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John Shipe | Villain

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United States - California - LA

Other Genres You Will Love
Folk: Folk Pop Country: Alt-Country Moods: Mood: Upbeat
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by John Shipe

Diverse Freeform Americana. Folk/country with deep pop melodies. Gorgeous singing. Vivid characters & stories. From quirky to epic, some humor, with gut-level emotion. Production enhanced by mandolin, glockenspiel, accordion, ukulele, cello, trumpet.
Genre: Folk: Folk Pop
Release Date: 

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  Song Share Time Download
1. Lion
3:34 $0.99
2. Villain
3:34 $0.99
3. Love Belongs to Everyone
4:29 $0.99
4. Some Hidden Things
3:01 $0.99
5. Hard to Believe
3:22 $0.99
6. What Right Do We Have to Fall In Love?
3:38 $0.99
7. Little Boats
2:46 $0.99
8. Another Disaster
3:09 $0.99
9. No Use Crying Over A Spilt Life
3:26 $0.99
10. Dead Kite
2:45 $0.99
11. Feel Good Song
3:43 $0.99
Downloads are available as MP3-320 files.


Album Notes
This album should reap glowing sound-bites like his past work: "Multitude of delights." "Remarkable vocalist and songsmith." "Explosion of creativity." The opening cut, "Lion" hits like the sun shining through. While sitting steadily amid modern sounds in the modern era, the irresistible tunefulness evokes past greats Elvis Costello and Beatles. On "Another Disaster," he sings about futile love in a high-octane, surreal blend of surf-rock & broadway. "Love Belongs to Everyone" is epic and sorrowful. But an uplifting spirit pervades. The title cut, "Villain" keeps the sense of humor: "Some girls can't help it. They love the villain." This album's victory is that it is fun, in spite of the losing ways of its hapless characters. The instrumentation is usually light, but with depth, as producer Ehren Ebbage (The Dimes) maintains a sense of ensemble. The tones bristle with both polish and grit.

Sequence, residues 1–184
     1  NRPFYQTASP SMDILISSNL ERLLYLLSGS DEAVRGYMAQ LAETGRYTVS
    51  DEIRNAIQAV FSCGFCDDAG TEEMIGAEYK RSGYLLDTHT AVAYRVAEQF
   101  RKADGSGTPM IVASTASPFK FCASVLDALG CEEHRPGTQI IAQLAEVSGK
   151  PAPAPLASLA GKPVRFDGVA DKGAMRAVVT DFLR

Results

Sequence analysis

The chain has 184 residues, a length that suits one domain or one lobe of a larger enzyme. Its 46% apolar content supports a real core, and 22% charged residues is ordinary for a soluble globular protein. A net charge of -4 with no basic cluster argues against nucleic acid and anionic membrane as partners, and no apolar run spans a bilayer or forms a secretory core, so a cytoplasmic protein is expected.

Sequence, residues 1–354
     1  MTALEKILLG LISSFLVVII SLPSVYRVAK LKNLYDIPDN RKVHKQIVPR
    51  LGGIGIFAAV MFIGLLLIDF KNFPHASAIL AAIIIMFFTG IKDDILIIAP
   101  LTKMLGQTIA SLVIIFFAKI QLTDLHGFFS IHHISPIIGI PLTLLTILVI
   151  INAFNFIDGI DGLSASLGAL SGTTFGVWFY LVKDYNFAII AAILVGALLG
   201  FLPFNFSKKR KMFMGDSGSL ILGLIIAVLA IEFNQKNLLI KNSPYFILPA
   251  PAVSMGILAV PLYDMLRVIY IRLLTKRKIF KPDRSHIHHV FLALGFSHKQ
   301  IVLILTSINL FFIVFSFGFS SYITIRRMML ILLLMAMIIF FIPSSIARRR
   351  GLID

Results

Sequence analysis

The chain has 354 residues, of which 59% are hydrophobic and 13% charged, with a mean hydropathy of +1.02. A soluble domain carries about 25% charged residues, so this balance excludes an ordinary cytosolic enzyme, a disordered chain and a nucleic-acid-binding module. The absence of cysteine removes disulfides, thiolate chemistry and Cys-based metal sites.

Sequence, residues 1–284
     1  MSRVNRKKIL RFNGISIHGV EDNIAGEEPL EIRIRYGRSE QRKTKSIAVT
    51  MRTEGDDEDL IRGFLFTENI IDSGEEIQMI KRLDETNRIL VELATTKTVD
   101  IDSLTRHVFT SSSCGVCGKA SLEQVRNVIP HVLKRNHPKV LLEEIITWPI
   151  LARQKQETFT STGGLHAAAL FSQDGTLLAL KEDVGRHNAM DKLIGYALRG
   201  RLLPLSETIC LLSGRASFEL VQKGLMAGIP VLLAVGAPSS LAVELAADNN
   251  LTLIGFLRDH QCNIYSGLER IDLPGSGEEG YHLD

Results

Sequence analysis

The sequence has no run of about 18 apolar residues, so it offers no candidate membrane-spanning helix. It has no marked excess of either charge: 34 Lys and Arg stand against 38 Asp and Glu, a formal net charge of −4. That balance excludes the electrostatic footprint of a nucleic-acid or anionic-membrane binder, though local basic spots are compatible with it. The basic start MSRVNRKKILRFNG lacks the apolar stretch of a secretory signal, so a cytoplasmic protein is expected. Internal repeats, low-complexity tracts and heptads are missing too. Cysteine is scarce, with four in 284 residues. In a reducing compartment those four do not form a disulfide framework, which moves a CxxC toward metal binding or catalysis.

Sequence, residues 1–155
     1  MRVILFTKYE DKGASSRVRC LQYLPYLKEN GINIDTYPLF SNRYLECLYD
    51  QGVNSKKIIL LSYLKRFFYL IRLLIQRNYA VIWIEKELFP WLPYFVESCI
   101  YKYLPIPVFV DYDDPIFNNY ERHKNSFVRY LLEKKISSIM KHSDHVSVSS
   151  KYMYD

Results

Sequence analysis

to write a review

Brad at CD Baby

You can see from the cover of this compelling collection of folk-pop tunes that the villain Shipe has in mind is the old-timey, tie-the-damsel-to-the-train-tracks type of evildoer. Thankfully, the 11 tracks here aren't antiquated throwbacks as much as they are timeless, and Shipe's intentions are anything but dastardly. The carefully chosen mix of instruments yields a layered, clean combination of guitar and piano, often with string accompaniment or additional vibes from ukulele, mandolin, and tastefully executed percussion. Shipe's voice is as stark and straightforward as his lyrics, with songs like "Another Disaster" and "No Use Crying Over a Spilt Life" taking strength from their complete avoidance of punch-pulling. These are compositions that can initially sound light, even playful, but also reserve the ability to chill to the bone. Shipe's vision is a focused one, but you'll want to settle in for multiple listens to make sure you take it all in.